This week is an epicly quiet one. Like properly quiet. Think the western front if they were on a sponsored silence, which a lot of money had been pledged for. I can offer only three songs, and my sincere apologies, which are not particularly sincere or genuine. Clock Opera, Givers, and Andy Burrows released new tracks this week, but at least it's sunny and humid and you feel rough. Hooray for freshers flu and the start of Autumn.


Givers – 'Meantime'

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After the wild success of 'Up Up Up', Givers have returned with the equally sun-kissed and infuriatingly fun 'Meantime'. Givers are an act so eaten up by nonsensical and inexplicable happiness you will be pinching your hands and grimacing your balls off whilst dancing like an idiot to every track they ever produce. Whilst 'Up Up Up' put them on the map, and FIFA 12, this is a track which stutters to ignition, bucking and breaking before the chanted refrain. Catchier than any vaguely topical comparison you can think of, I genuinely believe that this winter is going to be all about Givers.



Andy Burrows – 'If I Had A Heart'

Yes, Andy Burrows was in Razorlight. That is out the way, done, old news. 'If I Had A Heart' is actually really rather fine, a mighty well produced folk ditty in the lineage of of Guilliemots, with more of a focus on their early harmonies rather than the outlandish aural effects. There is a subtle poetry to the single, with an increased air of intimacy evoked in the DIY street-corner video. This goes beyond a mere acoustic track in the shimmering electronics of the backing, but they never threaten to take away from the fact that this is a hugely solo effort, and one which takes significant and deliberate steps to separate the artist from his former work. Of course, he's drummed for We Are Scientists, amongst other side projects, recently, and it is in 'If I Had A Heart' that Andy Burrows' overwhelming talent comes to the fore.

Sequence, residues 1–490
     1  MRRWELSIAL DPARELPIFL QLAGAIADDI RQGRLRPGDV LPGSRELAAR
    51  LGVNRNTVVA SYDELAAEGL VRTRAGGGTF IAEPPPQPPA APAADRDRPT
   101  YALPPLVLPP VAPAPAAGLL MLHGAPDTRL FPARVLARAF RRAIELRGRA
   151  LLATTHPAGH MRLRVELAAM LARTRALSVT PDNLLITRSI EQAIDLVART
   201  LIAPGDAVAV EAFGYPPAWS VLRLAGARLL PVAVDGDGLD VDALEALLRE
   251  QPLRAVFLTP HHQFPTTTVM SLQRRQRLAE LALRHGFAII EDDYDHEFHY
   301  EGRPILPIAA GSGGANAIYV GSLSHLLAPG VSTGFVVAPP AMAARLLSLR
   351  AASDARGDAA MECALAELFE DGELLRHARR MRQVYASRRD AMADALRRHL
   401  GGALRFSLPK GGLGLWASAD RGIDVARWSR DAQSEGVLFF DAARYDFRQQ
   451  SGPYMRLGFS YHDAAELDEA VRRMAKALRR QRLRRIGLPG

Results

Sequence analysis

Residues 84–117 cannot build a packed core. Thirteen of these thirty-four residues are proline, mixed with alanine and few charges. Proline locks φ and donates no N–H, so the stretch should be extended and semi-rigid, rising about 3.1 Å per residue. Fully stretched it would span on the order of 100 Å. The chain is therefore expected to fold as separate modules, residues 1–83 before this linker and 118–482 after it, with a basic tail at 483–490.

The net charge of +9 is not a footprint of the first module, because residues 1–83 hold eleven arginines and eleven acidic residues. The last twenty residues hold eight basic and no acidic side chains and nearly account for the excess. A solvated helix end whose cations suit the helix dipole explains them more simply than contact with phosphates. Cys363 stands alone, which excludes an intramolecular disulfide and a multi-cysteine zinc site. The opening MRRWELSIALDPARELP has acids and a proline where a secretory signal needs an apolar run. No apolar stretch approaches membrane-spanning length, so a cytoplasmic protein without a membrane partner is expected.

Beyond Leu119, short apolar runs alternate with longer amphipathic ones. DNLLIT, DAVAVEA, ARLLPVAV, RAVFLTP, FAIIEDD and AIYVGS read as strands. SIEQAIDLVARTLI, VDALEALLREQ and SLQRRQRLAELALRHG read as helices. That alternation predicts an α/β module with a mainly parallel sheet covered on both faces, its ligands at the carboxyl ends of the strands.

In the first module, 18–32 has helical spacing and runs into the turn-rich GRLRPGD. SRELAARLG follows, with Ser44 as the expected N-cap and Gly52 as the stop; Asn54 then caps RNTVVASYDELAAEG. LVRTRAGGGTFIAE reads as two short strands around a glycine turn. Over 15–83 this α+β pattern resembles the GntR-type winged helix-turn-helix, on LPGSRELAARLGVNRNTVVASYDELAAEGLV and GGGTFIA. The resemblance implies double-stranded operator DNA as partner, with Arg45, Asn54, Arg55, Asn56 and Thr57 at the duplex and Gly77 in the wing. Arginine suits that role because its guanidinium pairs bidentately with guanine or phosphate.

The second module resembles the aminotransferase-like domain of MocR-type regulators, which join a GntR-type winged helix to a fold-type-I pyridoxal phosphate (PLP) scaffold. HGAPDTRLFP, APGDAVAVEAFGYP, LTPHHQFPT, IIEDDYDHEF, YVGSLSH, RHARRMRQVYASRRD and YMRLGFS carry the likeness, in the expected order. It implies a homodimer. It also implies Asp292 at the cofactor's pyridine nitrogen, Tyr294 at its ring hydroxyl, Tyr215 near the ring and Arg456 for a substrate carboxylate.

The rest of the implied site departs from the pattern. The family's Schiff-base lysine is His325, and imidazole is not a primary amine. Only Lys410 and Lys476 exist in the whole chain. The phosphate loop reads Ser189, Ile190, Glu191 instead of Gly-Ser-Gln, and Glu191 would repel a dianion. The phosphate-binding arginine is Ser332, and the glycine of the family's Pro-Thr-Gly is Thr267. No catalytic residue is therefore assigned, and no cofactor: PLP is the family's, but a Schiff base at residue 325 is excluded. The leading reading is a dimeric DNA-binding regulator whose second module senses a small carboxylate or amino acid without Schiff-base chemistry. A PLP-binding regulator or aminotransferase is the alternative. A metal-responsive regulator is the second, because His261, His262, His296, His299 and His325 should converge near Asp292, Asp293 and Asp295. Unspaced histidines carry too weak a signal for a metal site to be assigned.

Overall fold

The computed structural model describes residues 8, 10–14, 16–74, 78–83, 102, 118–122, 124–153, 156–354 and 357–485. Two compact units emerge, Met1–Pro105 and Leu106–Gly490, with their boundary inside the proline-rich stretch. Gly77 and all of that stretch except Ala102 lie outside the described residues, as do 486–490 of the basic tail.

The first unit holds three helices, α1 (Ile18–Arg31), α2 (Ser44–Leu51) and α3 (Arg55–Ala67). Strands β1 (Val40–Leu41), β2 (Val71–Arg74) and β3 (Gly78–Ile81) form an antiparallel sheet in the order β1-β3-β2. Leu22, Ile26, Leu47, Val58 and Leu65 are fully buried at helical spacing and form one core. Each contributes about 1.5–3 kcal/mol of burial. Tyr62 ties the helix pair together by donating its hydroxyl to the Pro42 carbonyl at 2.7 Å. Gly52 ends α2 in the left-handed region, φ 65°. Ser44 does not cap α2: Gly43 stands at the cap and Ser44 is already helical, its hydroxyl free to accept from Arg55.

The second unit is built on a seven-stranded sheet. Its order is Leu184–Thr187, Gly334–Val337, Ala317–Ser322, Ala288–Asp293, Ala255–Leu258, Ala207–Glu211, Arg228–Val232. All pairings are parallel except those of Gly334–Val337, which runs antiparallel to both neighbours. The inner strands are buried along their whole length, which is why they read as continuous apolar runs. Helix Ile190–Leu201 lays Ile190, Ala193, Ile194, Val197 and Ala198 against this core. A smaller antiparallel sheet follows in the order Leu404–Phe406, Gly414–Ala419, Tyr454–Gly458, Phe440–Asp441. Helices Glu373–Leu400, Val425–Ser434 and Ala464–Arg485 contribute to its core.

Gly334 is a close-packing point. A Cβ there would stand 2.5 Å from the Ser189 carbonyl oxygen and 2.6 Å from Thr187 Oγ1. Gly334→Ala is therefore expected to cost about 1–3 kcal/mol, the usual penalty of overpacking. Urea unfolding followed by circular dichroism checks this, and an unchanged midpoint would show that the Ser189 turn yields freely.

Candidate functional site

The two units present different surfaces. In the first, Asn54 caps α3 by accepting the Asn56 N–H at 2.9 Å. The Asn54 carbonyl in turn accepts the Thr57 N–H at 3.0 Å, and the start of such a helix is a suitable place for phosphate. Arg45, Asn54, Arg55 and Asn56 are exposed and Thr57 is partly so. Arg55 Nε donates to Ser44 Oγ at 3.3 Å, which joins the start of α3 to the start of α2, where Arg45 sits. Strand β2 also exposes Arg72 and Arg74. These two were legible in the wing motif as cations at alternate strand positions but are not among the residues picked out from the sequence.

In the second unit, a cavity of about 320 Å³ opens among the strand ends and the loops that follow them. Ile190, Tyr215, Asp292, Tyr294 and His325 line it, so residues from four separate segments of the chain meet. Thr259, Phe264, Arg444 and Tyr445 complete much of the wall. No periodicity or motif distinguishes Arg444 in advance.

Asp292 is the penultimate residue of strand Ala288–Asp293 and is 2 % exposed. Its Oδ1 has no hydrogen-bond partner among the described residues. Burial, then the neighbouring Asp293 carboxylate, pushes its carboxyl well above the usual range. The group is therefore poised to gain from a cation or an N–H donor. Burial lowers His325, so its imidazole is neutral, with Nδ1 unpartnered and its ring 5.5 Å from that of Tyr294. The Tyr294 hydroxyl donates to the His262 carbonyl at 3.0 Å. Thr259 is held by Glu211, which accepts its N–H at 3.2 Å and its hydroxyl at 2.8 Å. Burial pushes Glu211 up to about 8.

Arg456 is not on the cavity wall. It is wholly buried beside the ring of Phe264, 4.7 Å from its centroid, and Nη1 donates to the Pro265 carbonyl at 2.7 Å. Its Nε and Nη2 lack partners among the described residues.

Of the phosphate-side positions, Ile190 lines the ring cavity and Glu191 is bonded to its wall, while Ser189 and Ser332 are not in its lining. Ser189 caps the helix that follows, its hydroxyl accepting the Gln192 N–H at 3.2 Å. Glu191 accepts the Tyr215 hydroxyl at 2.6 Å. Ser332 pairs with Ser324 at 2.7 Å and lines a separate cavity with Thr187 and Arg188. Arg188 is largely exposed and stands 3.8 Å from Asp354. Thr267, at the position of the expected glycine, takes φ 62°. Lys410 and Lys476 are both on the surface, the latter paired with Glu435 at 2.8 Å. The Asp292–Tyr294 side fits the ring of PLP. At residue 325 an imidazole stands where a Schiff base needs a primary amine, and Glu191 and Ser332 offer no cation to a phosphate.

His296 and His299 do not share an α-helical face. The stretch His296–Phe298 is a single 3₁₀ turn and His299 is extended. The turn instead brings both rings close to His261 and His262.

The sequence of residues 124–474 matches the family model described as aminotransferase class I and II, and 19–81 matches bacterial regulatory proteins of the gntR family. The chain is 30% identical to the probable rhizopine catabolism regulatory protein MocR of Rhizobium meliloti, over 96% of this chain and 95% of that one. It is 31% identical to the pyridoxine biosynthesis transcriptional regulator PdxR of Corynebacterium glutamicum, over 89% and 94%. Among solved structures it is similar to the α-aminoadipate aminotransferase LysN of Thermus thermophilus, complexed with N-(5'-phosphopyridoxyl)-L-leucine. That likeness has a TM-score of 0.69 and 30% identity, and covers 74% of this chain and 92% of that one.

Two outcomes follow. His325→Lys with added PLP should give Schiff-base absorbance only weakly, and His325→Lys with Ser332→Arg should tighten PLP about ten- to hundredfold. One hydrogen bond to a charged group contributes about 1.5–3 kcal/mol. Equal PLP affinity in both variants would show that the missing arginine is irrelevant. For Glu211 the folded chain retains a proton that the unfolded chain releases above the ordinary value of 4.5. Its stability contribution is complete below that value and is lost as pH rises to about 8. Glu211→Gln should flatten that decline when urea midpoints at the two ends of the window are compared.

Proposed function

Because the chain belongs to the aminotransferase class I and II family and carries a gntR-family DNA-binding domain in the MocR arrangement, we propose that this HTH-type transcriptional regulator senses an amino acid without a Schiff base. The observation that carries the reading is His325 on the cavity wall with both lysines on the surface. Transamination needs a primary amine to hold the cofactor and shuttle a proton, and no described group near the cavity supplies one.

Clock Opera- 'Lesson No. 7'

All glittering, glitchy organ and melancholic vocals, like an introspective Elbow, this track builds and builds into a glorious wall of distorted sound, taking every possible effect that shouldn't work together and creating something both powerful yet distinctly delicate. This differs from previous efforts like 'Belonging' in its immediacy and refusal to derive to genre, mingling a mathy guitar hook with the trademark ambience of the keys. The vocal comparisons are, to my mind, inevitable, but it gives a fascinating edge to the sound, with the growing crescendo of the conclusion haunting the mind way after the track fades out.